This lawsuit arose out of a wrongful-death and medical malpractice case brought by the plaintiff, Lawanda Freeman. She was the special administrator of the estate of her deceased husband, Terrance Freeman. In her complaint against the defendant, Gayle R. Crays, M.D., she alleged that Dr. Crays was negligent in the treatment of Terrance’s cardiovascular disease and that negligence was the proximate cause of Terrance’s death. Right before the trial was set to start, the trial judge ruled that Freeman’s only expert witness was unqualified to offer any opinions on the issue of causation, thus creating a fatal evidentiary gap in the plaintiff’s case.
In response to the trial judge’s ruling barring this expert witness, Freeman moved to voluntarily dismiss her complaint. The trial judge granted the voluntary dismissal without prejudice.
Shortly thereafter, Freeman refiled her complaint. Upon learning that Freeman intended to disclose an additional or new medical expert witness to offer opinions on the issue of causation, Dr. Crays’ lawyers moved to adopt the rulings from the earlier case and bar any testimony of plaintiff’s newly disclosed expert opinion pursuant to Illinois Supreme Court Rule 219(e).
After the judge granted the defendant’s motion barring the new expert witness from testifying, Dr. Crays moved for summary judgment based on plaintiff’s inability to satisfy the negligence element of causation. The trial judge granted defendant’s motion for summary judgment disposing of the case; the plaintiff appealed.
Freeman argued on appeal that the trial court abused its discretion by (1) barring her original medical expert witness from offering any opinions on the issue of causation and (2) improperly applying Rule 219(e) in the later filed lawsuit. The Illinois Appellate Court affirmed in part, reversed in part and remanded the cause for directions for further proceedings.
In the complaints filed by the plaintiff, it was generally alleged that Dr. Crays, a family practice physician, had breached the standard of care applicable to family practitioners by choosing not to diagnose Terrance’s enlarged heart or his severe coronary artery disease and by choosing not to refer him to a cardiologist. The allegations were supported by the opinion letter by Freeman’s board-certified family practice physician expert witness.
As the original case was ready to proceed to trial, it was determined that the family practice physician expert for the plaintiff would be the only medical expert witness. It was during the final pretrial conference that the trial court ruled on numerous motions in limine filed by both parties. Generally speaking, because the family practice physician was not a cardiologist, he could not offer opinions as to what a reasonably careful cardiologist would have done in the same or similar circumstances and thus the court granted the motion in limine barring his testimony. Accordingly, without causation testimony, the plaintiff would have been unable to prove her case.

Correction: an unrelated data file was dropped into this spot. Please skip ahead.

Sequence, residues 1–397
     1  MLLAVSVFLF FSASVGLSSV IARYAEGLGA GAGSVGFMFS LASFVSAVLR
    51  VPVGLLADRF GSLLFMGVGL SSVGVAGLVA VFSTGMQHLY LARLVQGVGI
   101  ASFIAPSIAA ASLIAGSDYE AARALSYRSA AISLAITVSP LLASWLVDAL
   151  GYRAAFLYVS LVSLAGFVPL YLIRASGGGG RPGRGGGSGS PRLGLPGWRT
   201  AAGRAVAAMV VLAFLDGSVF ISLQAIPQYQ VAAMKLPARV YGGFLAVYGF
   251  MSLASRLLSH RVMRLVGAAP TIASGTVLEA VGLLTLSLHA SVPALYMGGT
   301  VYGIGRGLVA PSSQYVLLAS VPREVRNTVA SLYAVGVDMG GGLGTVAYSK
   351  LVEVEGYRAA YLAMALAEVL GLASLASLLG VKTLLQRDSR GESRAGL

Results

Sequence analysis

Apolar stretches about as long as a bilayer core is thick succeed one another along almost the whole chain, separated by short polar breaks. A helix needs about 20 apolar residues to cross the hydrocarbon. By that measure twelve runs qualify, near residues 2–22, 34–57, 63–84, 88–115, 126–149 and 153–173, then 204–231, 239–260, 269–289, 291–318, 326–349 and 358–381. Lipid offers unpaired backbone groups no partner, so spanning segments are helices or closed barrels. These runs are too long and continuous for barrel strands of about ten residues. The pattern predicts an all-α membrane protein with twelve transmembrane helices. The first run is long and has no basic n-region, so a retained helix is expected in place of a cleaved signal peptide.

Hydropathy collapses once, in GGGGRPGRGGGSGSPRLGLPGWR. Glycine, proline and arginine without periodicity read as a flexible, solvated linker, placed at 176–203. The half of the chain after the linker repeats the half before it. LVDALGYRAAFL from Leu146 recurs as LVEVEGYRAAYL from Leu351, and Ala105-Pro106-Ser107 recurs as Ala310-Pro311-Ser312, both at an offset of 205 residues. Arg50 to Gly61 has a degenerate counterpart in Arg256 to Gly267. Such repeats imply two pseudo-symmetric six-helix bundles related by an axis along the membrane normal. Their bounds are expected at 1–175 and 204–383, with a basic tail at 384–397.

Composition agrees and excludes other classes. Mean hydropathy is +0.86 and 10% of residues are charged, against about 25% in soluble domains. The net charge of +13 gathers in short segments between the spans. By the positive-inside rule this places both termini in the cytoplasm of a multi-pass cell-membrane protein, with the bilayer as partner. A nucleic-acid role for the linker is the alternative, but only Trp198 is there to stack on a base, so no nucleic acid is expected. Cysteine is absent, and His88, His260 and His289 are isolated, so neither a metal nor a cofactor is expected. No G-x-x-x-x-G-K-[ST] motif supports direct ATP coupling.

It is well-settled law that the decision whether to admit expert testimony is within the sound discretion of the trial court. Thompson v. Gordon, 221 Ill.2d 414, 428-29 (2006). A trial court would have abused its discretion only where no reasonable person would oppose the position adopted by the court. Colburn v. Mario Tricoci Hair Salons & Day Spas, Inc., 2012 IL App (2d) 110624, § 22.
Here, the trial court’s ruling barring plaintiff from disclosing an expert witness in the field of cardiology in the new case was based on its application of Rule 219(e), which prevents discovery abuses by encouraging compliance with the entire discovery process. Rather than acting to bar a plaintiff’s statutory right to a voluntary dismissal, Rule 219(e) curtails a plaintiff’s use of the voluntary dismissal as a dilatory tactic. Scattercorp v. Midwest Clearing Corp., 219 Ill.App.3d 653, 660 (1998). As with other pretrial discovery rulings, the appeals panel set forth that “we review the trial court’s decision to bar evidence in a refiled action for an abuse of discretion.” Hayward v. C.H. Robinson Co., 2014 IL App (3d) 130530, ¶ 45.
The court added that regardless of whether defendant filed any motion, Rule 219(e) required the trial court to consider the prior litigation in determining what discovery would be permitted and whether a witness or evidence would be barred in the newly filed case. The court rejected plaintiff’s argument that the trial court lacked jurisdiction to bar the disclosure of additional witnesses in the newly filed case.
The court erred according to the appeals panel’s opinion in the way it applied Rule 219(e) to bar Freeman’s newly disclosed expert witness in the refiled case. In addition, the opinion stated that the trial court was in error in improperly applying the standard that governs imposition of monetary sanctions, rather than following the framework for applying Rule 219 (e) in the refiled lawsuit. On remand, the appellate court directed the trial court to reconsider the issue using the standard adopted from the case of Smith v. P.A.C.E., 223 Ill.App.3d 1067, 1075 (2001).
Lawanda Freeman v. Gayle R. Crays, M.D., No. 2018 IL App (2d) 170169.
Kreisman Law Offices has been handling medical negligence cases, birth trauma injury cases, brain damage lawsuits and wrongful death cases for individuals and families who have been harmed, injured or died as a result of the carelessness or negligence of a medical provider for more than 40 years in and around Chicago, Cook County and its surrounding areas, including Winfield, West Chicago, Crete, Mundelein, Rosemont, Lisle, Long Grove, Mount Prospect, Chicago (Wicker Park, Streeterville, Pill Hill, Old Town Triangle, Chinatown, West Loop, Logan Square, Lincoln Park, Ashburn), Wheaton, Hinsdale, Aurora and Cicero, Ill.
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